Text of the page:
Dunedin man jailed for child porn images on cellphone

Child pornography offender Luke Taborski tries to hide from the public gaze at sentencing in the Dunedin District Court yesterday.
Child pornography offender Luke Taborski tries to hide from the public gaze at sentencing in the Dunedin District Court yesterday.
A Dunedin man hid behind his long hair while being sentenced on child pornography charges in the Dunedin District Court yesterday.

Canadian-born Luke Ken Taborski (33), unemployed, had admitted 10 charges of possessing objectionable publications comprising more than 50 images of naked or semi-naked children and including 10 of young children in sexually explicit poses or engaged in sexual acts with male adults.

On each charge, Taborski was sentenced to nine months' jail, followed by six months' special conditions, with alcohol and drug assessments, counselling and treatment and other appropriate treatment and counselling programmes as directed.

Taborski's long hair was concealing his face as he entered the dock from the court cell area. He immediately turned his head away to avoid being photographed by an Otago Daily Times photographer in the courtroom. And he kept his face averted throughout the sentencing process. At one point, Judge Michael Crosbie asked if he was looking at him while being sentenced. Taborski said he was, that he could see the judge.

''So you probably have the same respect for the court as you have for young children, which is none at all,'' Judge Crosbie commented.

Crown counsel Craig Power told the court Taborski was arrested on August 8, 2012, on an unrelated matter. But police looked at his cellphone and saw pornographic images depicting children as young as 7 in sexually explicit poses involving male adults. The phone was examined under a Films, Videos and Publications Classifications Act search warrant and was found to contain a 2GB digital storage device (a micro SD card).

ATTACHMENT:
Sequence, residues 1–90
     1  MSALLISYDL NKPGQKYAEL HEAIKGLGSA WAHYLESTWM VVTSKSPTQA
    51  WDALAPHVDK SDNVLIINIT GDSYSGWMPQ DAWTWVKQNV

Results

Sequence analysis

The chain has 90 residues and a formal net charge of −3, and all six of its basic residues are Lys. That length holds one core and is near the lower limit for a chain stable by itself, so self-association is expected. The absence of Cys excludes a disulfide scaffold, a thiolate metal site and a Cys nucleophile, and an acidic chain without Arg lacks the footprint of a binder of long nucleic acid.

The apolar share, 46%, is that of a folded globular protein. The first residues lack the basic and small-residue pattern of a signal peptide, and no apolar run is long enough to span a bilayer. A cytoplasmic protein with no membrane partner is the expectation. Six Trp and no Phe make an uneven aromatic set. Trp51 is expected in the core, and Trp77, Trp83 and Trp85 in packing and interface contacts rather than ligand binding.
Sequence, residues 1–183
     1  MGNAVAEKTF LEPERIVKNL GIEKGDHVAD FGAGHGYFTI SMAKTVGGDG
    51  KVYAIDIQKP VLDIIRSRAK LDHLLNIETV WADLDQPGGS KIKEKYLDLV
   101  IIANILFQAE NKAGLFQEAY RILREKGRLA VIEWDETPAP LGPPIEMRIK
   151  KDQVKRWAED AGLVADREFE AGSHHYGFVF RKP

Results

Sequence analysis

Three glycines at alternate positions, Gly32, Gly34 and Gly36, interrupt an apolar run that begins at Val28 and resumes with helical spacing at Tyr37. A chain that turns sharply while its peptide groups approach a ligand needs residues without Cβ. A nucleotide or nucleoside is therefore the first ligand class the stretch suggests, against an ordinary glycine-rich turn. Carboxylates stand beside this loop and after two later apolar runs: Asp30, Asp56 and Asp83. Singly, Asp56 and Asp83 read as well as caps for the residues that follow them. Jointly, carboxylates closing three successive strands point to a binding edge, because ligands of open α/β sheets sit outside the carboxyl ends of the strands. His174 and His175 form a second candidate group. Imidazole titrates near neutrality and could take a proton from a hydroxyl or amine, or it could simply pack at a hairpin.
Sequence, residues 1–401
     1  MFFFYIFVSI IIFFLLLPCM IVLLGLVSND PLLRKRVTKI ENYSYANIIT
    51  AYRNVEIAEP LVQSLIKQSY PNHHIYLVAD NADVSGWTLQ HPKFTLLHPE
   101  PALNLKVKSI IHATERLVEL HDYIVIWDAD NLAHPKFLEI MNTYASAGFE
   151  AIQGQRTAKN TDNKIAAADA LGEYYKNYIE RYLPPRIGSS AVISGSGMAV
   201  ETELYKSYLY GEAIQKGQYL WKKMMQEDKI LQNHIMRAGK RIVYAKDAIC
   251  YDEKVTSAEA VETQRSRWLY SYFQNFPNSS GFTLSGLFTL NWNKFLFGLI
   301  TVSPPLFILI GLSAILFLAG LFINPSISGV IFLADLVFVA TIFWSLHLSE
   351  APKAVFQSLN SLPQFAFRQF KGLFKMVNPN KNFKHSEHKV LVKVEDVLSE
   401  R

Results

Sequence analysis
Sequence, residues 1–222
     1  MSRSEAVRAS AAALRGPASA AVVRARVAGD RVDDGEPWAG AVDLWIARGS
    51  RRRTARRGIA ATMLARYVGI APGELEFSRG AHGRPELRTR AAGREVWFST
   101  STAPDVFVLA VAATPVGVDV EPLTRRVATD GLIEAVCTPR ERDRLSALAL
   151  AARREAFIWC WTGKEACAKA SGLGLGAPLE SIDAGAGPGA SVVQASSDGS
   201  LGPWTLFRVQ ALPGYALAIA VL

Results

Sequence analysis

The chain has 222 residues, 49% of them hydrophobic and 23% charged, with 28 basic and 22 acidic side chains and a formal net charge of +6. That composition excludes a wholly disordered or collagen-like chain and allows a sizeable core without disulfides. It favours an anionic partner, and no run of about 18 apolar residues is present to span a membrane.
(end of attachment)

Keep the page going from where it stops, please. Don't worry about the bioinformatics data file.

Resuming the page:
Further analysis revealed the card contained more than 50 images of naked or semi-naked children, including 10 sexually explicit images, some of which pictured sexual activity with infants.

Mr Power said Taborski appeared to indicate he had not viewed the material, which went against the fact he had the images in his possession. Aggravating features of the offending were the variety of acts depicted and that the act of possessing such images supported the abuse of children. Taborski had a long-standing alcohol problem and was found in possession of alcohol at the relevant time, Mr Power said.

Defence counsel Jim Takus said there was no connection between Taborski's offending and alcohol and drugs.

When asked by Judge Crosbie, the defendant denied having an alcohol problem.

The judge said it was to the defendant's credit that, having challenged the admissibility of the material, once the images had been formally classified, he pleaded guilty. The offending signified ''these children are victims'', the judge said.

It was not suggested Taborski had taken the photographs himself. But those who received them were part of worldwide market encouraging the victimisation of young children and the sexual abuse of such children, leading to horrific consequences for them in their future lives.

''Even passive viewing encourages the taking of such images,'' Judge Crosbie told Taborski.

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